As concerns around corporations' supply chains grow in importance to many stakeholders, transparency around Scope 3 emissions also has become a newly critical issue
Supply chain transparency, mostly concerning human rights, has been a critical issue for corporate stakeholders, employees, and consumers for decades. Now, the push for transparency in corporations’ supply chains has gained steam over the last five years with increased concerns around climate change, the environment, and the rise in importance of environmental, social & governance (ESG) issues.
Potential regulatory requirements around Scope 3 greenhouse gas (GHG) emissions, which often represent between 80% to 95% of an organization’s corporate carbon footprint for companies in such industries as consumer packaged goods, electronics, packaging materials, and chemicals, are a current area of particular interest.
The biggest challenges for companies in accurately reporting their Scope 3 emissions are two-fold, according to Mark Evans, Director of Business Development and Sustainability Consulting at Sphera, an ESG solutions software, consulting and data firm. These two challenges to accurate reporting involve: i) determining the most valuable method for calculating GHG emissions emitted from upstream value chains or as defined by the GHG Protocol Scope 3-Category 1 (Purchased goods and services); and ii) identifying how to actually gather this data, whether it be from within the organization itself, its suppliers, third-party databases or elsewhere.
Evans, whose team specializes in helping corporations with complex supply chains — those with hundreds or even thousands of suppliers — calculate their Scope 3 GHG inventory, indicates that there are three main ways companies approach this challenge.
1. Spend data
The most common method of calculating GHG emissions is using spend-based data. Typically, companies determine their level of emissions by using an online calculator that estimates their carbon footprint based on procurement spending.
2. Supplier surveys
In this common approach, companies estimate their emissions by sending questionnaires to their suppliers and vendors about their own GHG emission data and then collecting that data throughout their supply chain.
3. Product life-cycle assessment data
This third way, life-cycle assessment (LCA), is becoming more mainstream as requirements for more precise data develop. LCA is a methodology for assessing environmental impacts throughout the lifecycle of commercial products, processes, or services, by quantifying the amount of energy, materials, and waste discharge. Further, these data sets are governed by ISO 14044 and ISO 14067, globally recognized standards that outline requirements and guidelines for how to conduct product life cycle assessments.
These datasets provide granular GHG emissions data for understanding the cradle-to-gate impacts of a product or process, from extraction of raw materials through processing and production to distribution. LCA data can also be used for Scope 3-Category 11 (Use of sold products), which is the major emissions source-point for the automotive and industrial equipment industries, which see 85% of their Scope 3 emissions in the use-phase of their products.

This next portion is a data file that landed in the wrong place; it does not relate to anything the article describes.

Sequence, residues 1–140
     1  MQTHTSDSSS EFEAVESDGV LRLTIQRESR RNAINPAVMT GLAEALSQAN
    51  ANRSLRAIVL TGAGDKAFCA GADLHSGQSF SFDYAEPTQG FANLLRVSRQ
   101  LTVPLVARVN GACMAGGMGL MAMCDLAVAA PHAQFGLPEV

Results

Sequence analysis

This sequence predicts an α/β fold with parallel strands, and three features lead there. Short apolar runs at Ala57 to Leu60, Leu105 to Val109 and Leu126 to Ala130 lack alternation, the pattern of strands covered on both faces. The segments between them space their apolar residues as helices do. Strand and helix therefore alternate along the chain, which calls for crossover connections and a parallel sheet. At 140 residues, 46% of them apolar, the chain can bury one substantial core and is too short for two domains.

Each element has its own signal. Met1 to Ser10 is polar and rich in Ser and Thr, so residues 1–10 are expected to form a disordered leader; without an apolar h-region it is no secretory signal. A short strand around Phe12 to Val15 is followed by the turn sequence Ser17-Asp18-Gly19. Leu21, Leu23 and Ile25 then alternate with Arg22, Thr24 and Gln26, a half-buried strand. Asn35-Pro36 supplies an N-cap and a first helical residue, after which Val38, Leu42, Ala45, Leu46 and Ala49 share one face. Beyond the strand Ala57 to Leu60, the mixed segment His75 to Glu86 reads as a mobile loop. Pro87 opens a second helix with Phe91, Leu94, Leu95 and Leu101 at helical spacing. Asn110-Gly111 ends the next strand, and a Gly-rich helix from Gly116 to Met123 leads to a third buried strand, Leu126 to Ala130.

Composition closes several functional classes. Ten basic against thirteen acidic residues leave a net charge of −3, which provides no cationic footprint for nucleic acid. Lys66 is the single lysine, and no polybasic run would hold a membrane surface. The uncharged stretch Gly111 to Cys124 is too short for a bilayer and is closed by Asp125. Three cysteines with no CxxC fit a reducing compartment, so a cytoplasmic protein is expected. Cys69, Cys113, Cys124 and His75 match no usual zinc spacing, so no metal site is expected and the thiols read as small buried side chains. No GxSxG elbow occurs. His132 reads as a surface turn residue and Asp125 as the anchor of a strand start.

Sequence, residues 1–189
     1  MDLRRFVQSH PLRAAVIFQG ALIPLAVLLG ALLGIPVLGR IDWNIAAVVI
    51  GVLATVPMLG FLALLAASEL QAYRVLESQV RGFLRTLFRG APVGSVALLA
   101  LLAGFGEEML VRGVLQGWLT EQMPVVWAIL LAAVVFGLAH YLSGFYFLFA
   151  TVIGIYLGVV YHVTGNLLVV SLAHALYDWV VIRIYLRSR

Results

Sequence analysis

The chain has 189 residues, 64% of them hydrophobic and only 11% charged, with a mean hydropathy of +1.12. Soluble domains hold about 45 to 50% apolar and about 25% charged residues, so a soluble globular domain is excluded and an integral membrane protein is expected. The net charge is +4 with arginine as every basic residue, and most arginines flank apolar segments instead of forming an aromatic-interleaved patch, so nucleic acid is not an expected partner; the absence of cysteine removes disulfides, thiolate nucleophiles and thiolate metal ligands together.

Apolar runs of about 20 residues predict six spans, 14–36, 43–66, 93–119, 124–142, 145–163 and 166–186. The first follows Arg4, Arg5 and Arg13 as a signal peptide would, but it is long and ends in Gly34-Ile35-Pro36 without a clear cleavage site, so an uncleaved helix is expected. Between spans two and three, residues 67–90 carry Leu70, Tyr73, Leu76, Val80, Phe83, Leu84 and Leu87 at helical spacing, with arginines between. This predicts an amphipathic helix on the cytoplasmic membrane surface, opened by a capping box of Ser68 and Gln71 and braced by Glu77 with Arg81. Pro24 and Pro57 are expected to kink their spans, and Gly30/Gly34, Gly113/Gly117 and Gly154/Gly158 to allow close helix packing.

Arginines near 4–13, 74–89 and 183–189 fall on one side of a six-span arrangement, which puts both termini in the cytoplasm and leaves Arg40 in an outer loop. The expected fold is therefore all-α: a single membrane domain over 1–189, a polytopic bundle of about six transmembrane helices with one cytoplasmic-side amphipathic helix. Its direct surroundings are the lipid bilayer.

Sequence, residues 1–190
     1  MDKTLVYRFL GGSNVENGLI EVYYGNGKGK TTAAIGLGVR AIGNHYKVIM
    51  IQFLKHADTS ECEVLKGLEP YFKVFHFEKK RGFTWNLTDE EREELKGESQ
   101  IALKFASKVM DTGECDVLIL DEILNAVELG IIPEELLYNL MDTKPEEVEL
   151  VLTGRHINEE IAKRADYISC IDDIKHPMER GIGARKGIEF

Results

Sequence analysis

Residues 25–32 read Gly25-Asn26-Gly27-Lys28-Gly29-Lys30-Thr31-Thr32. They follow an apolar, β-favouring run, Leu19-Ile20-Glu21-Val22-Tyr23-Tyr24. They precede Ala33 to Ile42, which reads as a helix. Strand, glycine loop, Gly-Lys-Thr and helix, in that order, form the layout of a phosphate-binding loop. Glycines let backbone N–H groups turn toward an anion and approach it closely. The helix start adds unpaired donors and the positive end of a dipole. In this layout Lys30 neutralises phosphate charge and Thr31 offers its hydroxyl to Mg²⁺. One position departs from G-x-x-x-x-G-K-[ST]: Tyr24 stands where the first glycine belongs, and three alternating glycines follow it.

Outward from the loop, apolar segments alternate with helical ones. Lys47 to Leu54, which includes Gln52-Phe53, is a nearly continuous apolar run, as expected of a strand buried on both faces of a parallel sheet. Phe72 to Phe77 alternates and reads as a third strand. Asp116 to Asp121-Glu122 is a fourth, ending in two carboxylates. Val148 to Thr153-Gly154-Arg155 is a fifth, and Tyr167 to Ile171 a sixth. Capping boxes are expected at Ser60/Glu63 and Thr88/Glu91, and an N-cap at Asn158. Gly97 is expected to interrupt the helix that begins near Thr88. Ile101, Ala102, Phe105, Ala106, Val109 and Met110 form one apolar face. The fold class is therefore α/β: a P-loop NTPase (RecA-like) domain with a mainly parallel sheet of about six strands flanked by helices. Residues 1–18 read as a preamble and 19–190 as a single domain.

As the above chart shows, there are pros and cons of each of the main methods for collecting emissions data. For example, companies have seen reductions of up to 90% in their Scope 3-Category 1 GHG emissions after moving away from using the spend based-methodology to the product life-cycle assessment methods, largely due to the use of far better data granularity.
As far as the use of supplier surveys go, companies are dependent on the data supplied to them by their vendors. For example, if a company makes an emissions data request of its T-shirt manufacturer in Indonesia, asking for the GHG emissions generated from within its four walls, any data received is likely to be incomplete and not representative of the actual cradle-to-gate GHG emissions from that supply chain. That is because, essentially, energy consumption at that sewing facility is limited to operating sewing machines and running UV lights. What will not be captured are the upstream impacts from the textile mill, the ginnery, the cotton farm, international transportation and more. As such, GHG emissions associated with this Tier 1 supplier won’t represent a significant piece of the broader emissions picture.
Conversely, an LCA dataset for a cotton T-shirt definitionally captures the impact of each of these production steps from the cotton farm itself and can be adjusted to reflect particular characteristics of a company’s value chain. In addition, LCA data can be used to explore decarbonization pathways through modeling the reduced impacts of bio-based materials, more recycled content, and different production locations.
On the horizon
Improved methods for tracking Scope 3 emissions data will enhance transparency, auditability, and traceability for GHG reporting. This in turn will enable the digitization of carbon footprints versus the most current practice of using a manual approach with data collected in Excel sheets.
These evolving data capture methodologies eventually will enable companies to produce efficient, granular product-level and Scope 3 reporting at scale both internally to management and outwardly to consumers, regulatory agencies, and industry associations.
For more information about how corporations are implementing and executing their ESG initiatives, download our latest white paper, Building a Foundation for ESG here.